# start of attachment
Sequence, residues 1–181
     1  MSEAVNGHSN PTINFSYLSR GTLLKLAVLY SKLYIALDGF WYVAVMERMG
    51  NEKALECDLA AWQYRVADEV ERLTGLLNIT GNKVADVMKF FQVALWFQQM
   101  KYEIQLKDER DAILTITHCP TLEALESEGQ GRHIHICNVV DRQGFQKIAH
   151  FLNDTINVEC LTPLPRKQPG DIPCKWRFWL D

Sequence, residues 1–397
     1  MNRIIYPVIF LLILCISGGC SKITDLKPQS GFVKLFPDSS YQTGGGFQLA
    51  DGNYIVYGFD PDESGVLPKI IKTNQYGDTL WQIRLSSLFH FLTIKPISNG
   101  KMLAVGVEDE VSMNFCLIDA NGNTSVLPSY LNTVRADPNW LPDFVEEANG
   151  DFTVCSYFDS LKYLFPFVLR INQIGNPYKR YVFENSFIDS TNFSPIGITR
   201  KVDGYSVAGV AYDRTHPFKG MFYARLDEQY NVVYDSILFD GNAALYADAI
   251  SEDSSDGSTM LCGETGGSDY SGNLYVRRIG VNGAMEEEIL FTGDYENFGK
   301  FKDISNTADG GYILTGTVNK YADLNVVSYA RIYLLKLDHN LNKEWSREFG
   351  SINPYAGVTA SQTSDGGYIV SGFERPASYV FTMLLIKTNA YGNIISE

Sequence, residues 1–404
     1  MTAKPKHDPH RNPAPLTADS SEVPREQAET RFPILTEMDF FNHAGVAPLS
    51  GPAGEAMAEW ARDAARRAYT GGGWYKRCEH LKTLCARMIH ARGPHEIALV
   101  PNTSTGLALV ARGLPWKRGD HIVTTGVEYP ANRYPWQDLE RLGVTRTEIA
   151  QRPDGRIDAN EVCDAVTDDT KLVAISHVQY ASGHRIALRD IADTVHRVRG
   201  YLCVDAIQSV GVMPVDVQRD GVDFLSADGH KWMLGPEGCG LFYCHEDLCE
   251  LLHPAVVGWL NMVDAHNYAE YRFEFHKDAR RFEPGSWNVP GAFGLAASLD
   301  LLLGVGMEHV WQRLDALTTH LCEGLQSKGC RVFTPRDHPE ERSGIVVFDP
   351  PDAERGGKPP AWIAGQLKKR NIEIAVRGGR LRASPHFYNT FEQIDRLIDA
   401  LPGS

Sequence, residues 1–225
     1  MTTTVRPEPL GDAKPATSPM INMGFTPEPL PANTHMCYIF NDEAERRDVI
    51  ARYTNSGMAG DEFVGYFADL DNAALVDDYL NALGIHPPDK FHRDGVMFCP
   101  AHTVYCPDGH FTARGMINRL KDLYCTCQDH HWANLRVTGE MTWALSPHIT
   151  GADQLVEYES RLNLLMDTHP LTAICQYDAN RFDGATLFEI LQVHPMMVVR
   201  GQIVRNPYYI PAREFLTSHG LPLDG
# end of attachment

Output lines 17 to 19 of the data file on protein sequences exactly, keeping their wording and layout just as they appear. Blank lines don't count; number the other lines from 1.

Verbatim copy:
    51  GPAGEAMAEW ARDAARRAYT GGGWYKRCEH LKTLCARMIH ARGPHEIALV
   101  PNTSTGLALV ARGLPWKRGD HIVTTGVEYP ANRYPWQDLE RLGVTRTEIA
   151  QRPDGRIDAN EVCDAVTDDT KLVAISHVQY ASGHRIALRD IADTVHRVRG